• en en
  • en
  • de
Select Page
  • en en
  • en
  • de

It’s been over 15 years since a new football temple was completed almost every month in Germany. With regard to the World Cup in their own country, the Germans have builded new mega arenas in Gelsenkirchen and Munich. Elsewhere, traditional stadiums were rebuilt, expanded and modernized, for example in Leipzig, Dortmund, Hanover, Frankfurt and Berlin. It triggered a veritable construction boom in Germany, which continued into the substructure of German football, at third and fourth division.
The excavators are currently rolling in Freiburg, at the Böllenfalltor in Darmstadt, in the Karlsruher Wildpark, in the Ludwigspark of Saarbrücken and soon in the west of Berlin, but above all abroad. Which big stadium projects will be realized in the coming years, we show you in this article.

Italy: New Milan Stadium (planned completion in 2023)
It was the shock news for all football nostalgics and groundhopper: The infamous Stadio Giuseppe Meazza, better known as Stadio San Siro, is razed to the ground. In September, AC and Inter Milan published plans for a new, shared stadium. 1990 denied the DFB selection five games on the way to the World Cup triumph, in 2001, Bayern won the Champions League here. This colossal building with its four distinctive corner towers holds 80,000 spectators, but it is already dilapidated and should be demolished. Italy’s currently largest stadium will wait another three to four years before the wrecking ball revolves and the new building of the two Milan clubs with 60,000 seats will be opened.

Netherlands: New Feyenoord Stadium (planned completion in 2024)
Even in the city with Europe’s largest port will be tinkered in the coming years at a new mega-stadium. The stadium De Kuip, the final venue of the European Championship 2000, has had its day at the latest in five years and will be replaced by a new building directly on the Nieuwe Maas. The architects take into account the bowl shape of the new, 365-million-euro stadium, which has awarded the De Kuip (in German: the tub). In addition, there will be three instead of the previous two ranks. With 63,000 seats, it will be the largest stadium in the Netherlands.

Japan: New National Stadium (completion in 2019)
The main venue for the 2020 Summer Olympics will be opened later this year. On the grounds of the old National Stadium, ie in the middle of Tokyo in the Shinjuku district, for four years, an externally rather unspectacular construction with a capacity for 68,000 people. Externally NO-spectacular, because over the next decade lush greenery will spread across the facade. On January 1, 2020, the bowl of the traditional Emperor Cup will be held on New Year’s Day. In the end, the new national stadium with 1.2 billion euros in construction costs will be one of the most expensive in the world.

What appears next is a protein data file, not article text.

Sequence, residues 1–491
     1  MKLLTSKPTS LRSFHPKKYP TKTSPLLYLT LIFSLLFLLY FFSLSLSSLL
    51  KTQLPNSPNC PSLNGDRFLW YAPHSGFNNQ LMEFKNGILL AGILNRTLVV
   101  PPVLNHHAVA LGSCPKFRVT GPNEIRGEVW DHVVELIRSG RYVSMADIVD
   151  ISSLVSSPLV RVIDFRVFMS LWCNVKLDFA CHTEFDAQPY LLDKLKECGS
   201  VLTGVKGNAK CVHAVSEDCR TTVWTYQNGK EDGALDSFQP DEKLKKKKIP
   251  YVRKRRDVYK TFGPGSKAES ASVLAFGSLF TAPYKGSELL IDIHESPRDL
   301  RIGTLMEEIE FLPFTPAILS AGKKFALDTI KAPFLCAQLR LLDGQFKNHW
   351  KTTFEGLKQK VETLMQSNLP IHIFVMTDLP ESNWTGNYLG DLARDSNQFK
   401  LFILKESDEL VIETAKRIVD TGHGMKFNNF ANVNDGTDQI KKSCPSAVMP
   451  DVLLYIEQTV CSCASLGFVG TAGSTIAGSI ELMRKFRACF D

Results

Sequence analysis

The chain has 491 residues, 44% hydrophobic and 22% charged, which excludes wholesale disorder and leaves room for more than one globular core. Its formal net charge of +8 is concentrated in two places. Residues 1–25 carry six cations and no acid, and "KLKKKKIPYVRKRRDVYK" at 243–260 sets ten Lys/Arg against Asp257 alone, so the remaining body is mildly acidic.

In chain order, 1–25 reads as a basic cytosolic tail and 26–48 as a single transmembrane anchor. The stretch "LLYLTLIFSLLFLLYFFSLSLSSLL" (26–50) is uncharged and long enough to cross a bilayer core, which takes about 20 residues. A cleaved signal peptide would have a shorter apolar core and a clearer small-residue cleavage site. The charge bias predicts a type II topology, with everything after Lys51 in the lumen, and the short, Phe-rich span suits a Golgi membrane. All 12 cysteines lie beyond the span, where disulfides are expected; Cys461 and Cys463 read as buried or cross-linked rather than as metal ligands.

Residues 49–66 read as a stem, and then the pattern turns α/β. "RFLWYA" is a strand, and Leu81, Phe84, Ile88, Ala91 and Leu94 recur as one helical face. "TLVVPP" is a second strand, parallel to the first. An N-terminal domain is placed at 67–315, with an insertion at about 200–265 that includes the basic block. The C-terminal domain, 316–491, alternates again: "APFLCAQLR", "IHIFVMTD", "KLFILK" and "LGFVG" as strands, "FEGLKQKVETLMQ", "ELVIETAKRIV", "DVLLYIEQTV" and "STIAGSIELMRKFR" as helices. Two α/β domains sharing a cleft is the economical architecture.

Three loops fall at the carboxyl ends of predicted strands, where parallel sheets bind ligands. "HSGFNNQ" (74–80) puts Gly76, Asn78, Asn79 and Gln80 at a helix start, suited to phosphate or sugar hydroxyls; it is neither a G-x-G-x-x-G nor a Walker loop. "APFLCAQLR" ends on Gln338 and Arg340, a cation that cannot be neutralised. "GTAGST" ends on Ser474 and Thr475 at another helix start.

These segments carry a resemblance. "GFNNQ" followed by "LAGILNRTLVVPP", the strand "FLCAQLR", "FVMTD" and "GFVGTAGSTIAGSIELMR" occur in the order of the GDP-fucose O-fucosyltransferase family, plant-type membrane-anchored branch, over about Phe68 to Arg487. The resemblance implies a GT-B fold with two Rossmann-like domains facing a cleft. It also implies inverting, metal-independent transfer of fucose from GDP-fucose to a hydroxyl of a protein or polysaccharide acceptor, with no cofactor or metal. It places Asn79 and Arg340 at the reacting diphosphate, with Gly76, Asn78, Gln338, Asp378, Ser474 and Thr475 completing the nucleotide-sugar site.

Spain: New Mestalla (planned completion 2022)
Actually, the FC Valencia was already nine years in the Nou Mestalla his home games. In the third largest Spanish city, they have their “Berlin Airport” with their new stadium, because nobody really knows when the construction work will be completed. The financial crisis saw that the club was deprived of a credit in the hundreds of millions, so for about seven years there was a semi-finished shell in the northwest of Valencia. Now the excavators are rolling again, and in three years the ball will roll in the then 61.500 spectators. By the way: Contrary to the trend to build only pure football stadiums everywhere, the new Mestalla should also be usable for athletics competitions.

Qatar: Lusail Iconic Stadium (planned completion 2022)
For about half a billion euros, the sheikhs of the upcoming World Cup host country want to stomp the Lusail Iconic Stadium from the desert floor. Inside, the externally almost circular stadium on the northern outskirts of Doha will be reminiscent of the new Estádio da Luz in Lisbon. The façade takes on forms of decorative elements, such as bowls and vessels of Arab culture, and will shine with gold glitter. Incidentally, it is the largest stadium in Qatar (86,000 seats) and will be the venue for the opening match and final in three years. The new building even scores with the topic of “sustainability”, what sounds grotesque once: the Lusail Iconic Stadium and all other World Cup stadium in Qatar will be air-conditioned. But the roof is designed to support air conditioning, and water-saving plants from the region form green areas to improve air quality.

Spain: New Santiago Bernabéu (planned reconstruction 2023)
Real Madrid are planning big things too. No new, but a powerful conversion. For this, they even want to sacrifice the historic name Bernabéu in order to support the conversion costs by means of a sponsor’s name. The works have been in progress since May, initially on the exterior facades. The roof is to be demolished by summer 2020, which will be replaced within three years by an ultimately closable roof. Inside the stadium, almost everything stays as it is. Say: The stands are not touched. Only the eastern straight is extended at the upper end by a few hundred places. At the end, a futuristic, shiny silver palace will be where pale gray concrete used to be. Real Madrid is investing just under 600 million euros in this project.

Germany: New Hertha Stadium (planned completion in 2025)
It’s always the same old story: The football club in Germany’s biggest city plays often in front of half-full ranks. Hertha manager Michael Preetz annoys the Olympiastdion, because although the actual stadium is an historic one, but still a very modern “five-star UEFA stadium”. A pure football stadium with a smaller capacity (probably about 55,000 seats) is here, according to the wishes of the club very close in the Olympic Park. But as you know, building projects in Berlin like to protrude and so even today the location (Tegel? Maifeld? Brandenburg?) is not fixed.